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General Aztecs Maya Tocuaro Kids Contact 22 Oct 2014/11 Dog
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Aztec wind god holding dart and dart-thrower (atlatl), Codex Laud

Atlatl

The ‘atlatl’ was already very ancient by the time the Spanish arrived and conquered the Mexica/Aztecs. Read all about the background by clicking on the link below... (Written/compiled by Ian Mursell/Mexicolore)

The leather finger-grip towards one end of a modern ‘Basketmaker’ style atlatl
The leather finger-grip towards one end of a modern ‘Basketmaker’ style atlatl (Click on image to enlarge)

In the meantime, here is the clearest codex image we’ve yet found of the atlatl being held, with two fingers in the leather grip - not in the real-life throwing position, but in a formal pose. The picture shows the wind god Ehécatl, in the Codex Laud (p. 6), armed with a dart in his left hand and and an atlatl in his right (the missile thrower - the atlatl - was usually much smaller than the missile itself). It’s not surprising that gods are often shown holding atlatls, as it was the Mesoamerican weapon most associated with gods.

The ornately carved head of the British Museum atlatl
The ornately carved head of the British Museum atlatl (Click on image to enlarge)

Atlatls were often beautifully and ornately carved (did you see the two on display in the British Museum Moctezuma exhibition?) - Moctezuma II donated a particularly fine one with a turquoise head in the form of a serpent to Cortés in 1519. Many scholars believe that these exquisitely carved ones would have been more for use in ceremonies and rituals than in real life warfare and hunting. The carvings on the British Museum atlatl were originally gilded, and show a warrior entwined with the body of a rattlesnake. Serpents often represented fired darts in Aztec art, reflecting the way some species of snake almost shoot into the air when attacking prey.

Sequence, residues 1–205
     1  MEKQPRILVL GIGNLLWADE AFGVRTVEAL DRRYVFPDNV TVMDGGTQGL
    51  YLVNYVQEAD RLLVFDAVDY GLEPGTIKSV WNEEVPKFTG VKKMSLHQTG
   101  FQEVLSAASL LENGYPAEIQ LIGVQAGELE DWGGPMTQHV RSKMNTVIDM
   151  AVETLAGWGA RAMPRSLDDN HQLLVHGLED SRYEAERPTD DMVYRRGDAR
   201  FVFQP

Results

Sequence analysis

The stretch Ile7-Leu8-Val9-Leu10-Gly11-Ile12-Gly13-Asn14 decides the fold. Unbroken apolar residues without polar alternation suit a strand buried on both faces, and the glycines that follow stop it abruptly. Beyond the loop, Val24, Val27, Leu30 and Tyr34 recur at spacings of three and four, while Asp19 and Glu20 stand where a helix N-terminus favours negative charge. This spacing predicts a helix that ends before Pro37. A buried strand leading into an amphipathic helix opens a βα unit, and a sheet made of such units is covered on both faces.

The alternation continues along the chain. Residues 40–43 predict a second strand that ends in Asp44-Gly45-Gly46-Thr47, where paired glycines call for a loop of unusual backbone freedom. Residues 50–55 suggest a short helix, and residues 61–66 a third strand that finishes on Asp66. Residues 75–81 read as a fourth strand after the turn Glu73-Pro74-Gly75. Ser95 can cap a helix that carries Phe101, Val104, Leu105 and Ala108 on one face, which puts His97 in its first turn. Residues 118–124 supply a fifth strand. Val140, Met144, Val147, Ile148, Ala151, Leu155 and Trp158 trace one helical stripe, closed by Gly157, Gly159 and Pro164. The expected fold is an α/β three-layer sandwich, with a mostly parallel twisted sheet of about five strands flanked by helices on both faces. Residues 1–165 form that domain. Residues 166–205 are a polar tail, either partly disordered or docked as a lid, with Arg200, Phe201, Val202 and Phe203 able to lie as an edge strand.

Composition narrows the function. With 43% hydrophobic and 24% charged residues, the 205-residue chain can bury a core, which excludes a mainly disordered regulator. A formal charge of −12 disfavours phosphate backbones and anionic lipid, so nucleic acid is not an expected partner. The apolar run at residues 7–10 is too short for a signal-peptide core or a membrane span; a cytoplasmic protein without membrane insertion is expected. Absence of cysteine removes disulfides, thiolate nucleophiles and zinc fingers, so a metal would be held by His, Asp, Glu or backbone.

Incidentally, tests carried out by friends of ours in Mexico who engage in ‘Arqueología experimental’ have put the range of the - highly accurate - atlatl at up to 150 metres!

Image sources:-
• Codex Laud (original in the Bodleian Library, Oxford): image scanned from our own copy of the ADEVA facsimile edition, Graz, Austria, 1966
• Two photos of atlatls by Ian Mursell/Mexicolore

emoticon Q. What did an Aztec warrior shout after chasing and spearing an enemy?
A. ‘Got him - atlatlast!’

Our main feature on the atlatl

World Atlatl Association online forum

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Here's what others have said:

Mexicolore replies: If you follow the links on our other, more detailed, feature on the atlatl, you’ll find some good simple demonstration videos. Here’s the other atlatl page -
http://www.mexicolore.co.uk/aztecs/home/aztecs-and-the-atlatl